Her lipstick is smeared - it's called Passionate Pomegranate or some other asinine thing - and there are thick black streaks down her cheeks. She doesn't say and he doesn't ask and even though they've never done this before, when they land on his bed, it's like familiar territory.

His only thought when she removes her ruby red dress is that, once upon a time, he could afford to date girls who dressed like this. He could afford to buy them dresses like this.

He enters her. She starts to speak; he covers her mouth with his hand.

She nods. It's okay.


Real beans, with real cheese and real corn, and even as he spoons the delicious concoction into his mouth, he can't manage to duplicate the smiles and exclamations of joy coming from his friends.

River hasn't bathed today. He can tell; he doesn't know why Jayne doesn't say something.

"You had to," she says quietly, the solemnity of the moment ruined by the fact that her mouth is half-stuffed with rice. "He would have - "

"I know."

"All of us." He hears her putting down her fork. "Even Kaylee."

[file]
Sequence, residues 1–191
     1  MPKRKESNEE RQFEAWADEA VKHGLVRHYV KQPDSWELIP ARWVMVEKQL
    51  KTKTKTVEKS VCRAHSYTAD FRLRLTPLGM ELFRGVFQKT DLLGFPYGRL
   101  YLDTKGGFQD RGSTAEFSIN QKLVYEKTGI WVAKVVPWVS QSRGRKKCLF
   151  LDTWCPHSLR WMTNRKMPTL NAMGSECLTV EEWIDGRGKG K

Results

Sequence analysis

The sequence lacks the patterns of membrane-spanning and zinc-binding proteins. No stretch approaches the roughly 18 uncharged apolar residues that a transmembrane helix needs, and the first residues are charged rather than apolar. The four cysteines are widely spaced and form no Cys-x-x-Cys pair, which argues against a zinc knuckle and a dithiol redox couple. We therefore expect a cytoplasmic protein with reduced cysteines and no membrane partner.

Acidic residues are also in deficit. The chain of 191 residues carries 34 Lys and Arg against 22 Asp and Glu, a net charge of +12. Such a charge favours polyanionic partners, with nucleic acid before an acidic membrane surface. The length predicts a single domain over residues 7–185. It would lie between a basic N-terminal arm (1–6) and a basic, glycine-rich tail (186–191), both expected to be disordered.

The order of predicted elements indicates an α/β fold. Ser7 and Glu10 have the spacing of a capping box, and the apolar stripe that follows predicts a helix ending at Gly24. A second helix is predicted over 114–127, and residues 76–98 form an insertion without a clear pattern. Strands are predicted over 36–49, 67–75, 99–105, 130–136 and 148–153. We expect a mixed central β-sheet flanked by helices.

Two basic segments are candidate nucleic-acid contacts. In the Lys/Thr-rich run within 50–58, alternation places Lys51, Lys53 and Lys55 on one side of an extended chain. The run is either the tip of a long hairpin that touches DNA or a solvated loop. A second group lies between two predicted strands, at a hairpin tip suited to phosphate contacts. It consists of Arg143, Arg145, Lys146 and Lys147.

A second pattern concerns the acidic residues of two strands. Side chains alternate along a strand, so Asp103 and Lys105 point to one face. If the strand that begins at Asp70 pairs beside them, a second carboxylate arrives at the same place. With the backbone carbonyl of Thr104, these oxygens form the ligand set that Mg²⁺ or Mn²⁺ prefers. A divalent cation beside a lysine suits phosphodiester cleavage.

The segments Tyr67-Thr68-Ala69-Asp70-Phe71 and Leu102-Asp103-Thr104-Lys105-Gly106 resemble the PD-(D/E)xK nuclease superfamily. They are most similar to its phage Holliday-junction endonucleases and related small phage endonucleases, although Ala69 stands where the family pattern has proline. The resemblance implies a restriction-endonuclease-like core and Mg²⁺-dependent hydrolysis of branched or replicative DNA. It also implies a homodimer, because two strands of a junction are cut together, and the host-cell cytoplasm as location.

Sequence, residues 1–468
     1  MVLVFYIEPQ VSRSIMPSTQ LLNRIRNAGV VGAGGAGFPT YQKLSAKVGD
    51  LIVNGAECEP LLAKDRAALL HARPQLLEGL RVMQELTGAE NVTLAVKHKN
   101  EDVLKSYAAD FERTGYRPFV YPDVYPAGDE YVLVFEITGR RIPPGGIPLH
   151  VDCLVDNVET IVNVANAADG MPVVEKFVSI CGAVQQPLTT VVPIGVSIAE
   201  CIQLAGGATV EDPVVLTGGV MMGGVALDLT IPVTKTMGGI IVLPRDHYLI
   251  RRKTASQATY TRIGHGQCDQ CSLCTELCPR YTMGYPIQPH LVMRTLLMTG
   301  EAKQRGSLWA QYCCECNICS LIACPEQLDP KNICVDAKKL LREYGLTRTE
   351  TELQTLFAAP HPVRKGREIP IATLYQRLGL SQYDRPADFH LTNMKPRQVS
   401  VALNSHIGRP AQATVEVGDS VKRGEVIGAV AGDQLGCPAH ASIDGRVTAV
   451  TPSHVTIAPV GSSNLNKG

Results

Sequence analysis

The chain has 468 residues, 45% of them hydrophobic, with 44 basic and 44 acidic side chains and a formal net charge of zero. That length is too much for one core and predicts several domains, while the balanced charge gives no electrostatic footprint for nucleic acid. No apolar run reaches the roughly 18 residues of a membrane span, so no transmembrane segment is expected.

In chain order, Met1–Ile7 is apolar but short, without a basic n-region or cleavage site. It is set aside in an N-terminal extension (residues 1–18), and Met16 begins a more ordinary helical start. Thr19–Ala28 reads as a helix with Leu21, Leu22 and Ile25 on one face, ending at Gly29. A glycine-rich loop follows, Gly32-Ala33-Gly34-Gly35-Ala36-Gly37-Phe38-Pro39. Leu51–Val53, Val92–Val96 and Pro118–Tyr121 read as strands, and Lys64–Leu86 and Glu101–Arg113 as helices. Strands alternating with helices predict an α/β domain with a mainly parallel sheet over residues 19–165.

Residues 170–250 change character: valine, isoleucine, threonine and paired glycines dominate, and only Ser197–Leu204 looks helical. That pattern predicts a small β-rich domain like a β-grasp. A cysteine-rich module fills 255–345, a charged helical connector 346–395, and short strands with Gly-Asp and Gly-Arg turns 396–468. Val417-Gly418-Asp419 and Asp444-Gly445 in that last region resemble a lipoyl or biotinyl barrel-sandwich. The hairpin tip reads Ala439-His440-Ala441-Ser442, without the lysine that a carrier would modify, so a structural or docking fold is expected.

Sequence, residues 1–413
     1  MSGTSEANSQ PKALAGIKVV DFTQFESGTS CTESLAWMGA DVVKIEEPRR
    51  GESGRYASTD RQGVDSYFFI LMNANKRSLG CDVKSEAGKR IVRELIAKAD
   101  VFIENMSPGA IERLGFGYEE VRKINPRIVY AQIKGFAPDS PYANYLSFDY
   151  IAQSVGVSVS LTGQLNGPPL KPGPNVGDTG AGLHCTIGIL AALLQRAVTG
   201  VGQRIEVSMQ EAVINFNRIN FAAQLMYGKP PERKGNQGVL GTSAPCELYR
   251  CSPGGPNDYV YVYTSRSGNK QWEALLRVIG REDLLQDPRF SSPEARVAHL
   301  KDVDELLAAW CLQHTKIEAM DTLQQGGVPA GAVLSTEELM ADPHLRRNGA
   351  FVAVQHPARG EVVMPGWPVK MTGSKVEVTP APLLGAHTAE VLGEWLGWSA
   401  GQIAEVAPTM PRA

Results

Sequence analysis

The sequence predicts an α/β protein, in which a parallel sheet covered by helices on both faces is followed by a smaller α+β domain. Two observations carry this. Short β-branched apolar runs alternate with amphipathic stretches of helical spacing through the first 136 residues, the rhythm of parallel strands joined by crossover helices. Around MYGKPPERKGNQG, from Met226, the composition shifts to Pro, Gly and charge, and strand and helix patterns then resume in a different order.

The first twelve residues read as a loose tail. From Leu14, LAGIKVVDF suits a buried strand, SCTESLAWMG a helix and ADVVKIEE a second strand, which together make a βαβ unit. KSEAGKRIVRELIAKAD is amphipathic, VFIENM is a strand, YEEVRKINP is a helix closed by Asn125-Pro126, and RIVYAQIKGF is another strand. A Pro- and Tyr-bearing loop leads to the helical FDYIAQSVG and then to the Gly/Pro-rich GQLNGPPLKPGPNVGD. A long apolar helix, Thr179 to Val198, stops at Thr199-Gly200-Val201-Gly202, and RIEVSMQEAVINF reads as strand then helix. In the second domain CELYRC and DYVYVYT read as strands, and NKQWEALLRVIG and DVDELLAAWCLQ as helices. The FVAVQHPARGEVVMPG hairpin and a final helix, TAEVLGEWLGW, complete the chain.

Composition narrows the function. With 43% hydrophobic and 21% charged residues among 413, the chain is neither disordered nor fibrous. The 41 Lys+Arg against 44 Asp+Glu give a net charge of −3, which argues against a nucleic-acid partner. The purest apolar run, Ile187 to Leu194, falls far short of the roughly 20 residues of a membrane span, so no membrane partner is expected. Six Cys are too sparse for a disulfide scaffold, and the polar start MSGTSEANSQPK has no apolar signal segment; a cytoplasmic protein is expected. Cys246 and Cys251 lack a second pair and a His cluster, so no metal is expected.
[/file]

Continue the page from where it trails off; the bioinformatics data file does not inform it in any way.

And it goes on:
He stirs his rice. The blood there surely is an illusion.


"You can't tell me that you don't understand why I'm here."

Simon gasps. The sword twists, just a little, and he can actually tell which of his internal organs it just lacerated.

"Sorry." The Operative somehow kneels down without moving the blade any more. "Didn't mean to cause you any more suffering."

"You'll ... never - "

" - find her, yes, I'm sure you think so." He pauses, turns his head as if he's heard something. "This is ... the best kind of death."

He blinks, refuses to look in the direction of where his sister ran.

"It's a shame that it was in vain."


He's calm. Relaxed. Almost happy, and that should bother him. The fact that it doesn't bother him should bother him. He should be bothered. But he can't seem to work up the energy to feel concern. This is the most peaceful that he's been in years, and he's strangely okay with that.

His nose tickles, but he can't scratch it for some reason.

River. I should be wanting to find out what happened with River. If she's -

I'm at peace. Can't I stay here?

" ... coming back. Got a pulse. He's alive."

No. Wuh de ma, no.


He coughs, and it's from his lungs, not just the cut in his mouth; he can tell. Not that it really matters, because even though he doesn't know exactly how this story goes, he's dead certain that he's familiar with the ending.

"So why blue?" he manages to choke out. "Why not the ... stereotypical black, or ... I don't know, red?"

He knows that it's starting even though he's not really even sure what it is. He feels it and smells it and it hurts and the guy doesn't even say goodbye, just steps over the (his) body and -